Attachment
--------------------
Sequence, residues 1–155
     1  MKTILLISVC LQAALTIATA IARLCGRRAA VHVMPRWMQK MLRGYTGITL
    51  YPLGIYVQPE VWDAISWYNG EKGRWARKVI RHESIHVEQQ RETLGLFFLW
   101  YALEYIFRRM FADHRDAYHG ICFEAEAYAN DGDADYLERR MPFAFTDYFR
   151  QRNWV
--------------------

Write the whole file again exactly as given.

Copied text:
Sequence, residues 1–155
     1  MKTILLISVC LQAALTIATA IARLCGRRAA VHVMPRWMQK MLRGYTGITL
    51  YPLGIYVQPE VWDAISWYNG EKGRWARKVI RHESIHVEQQ RETLGLFFLW
   101  YALEYIFRRM FADHRDAYHG ICFEAEAYAN DGDADYLERR MPFAFTDYFR
   151  QRNWV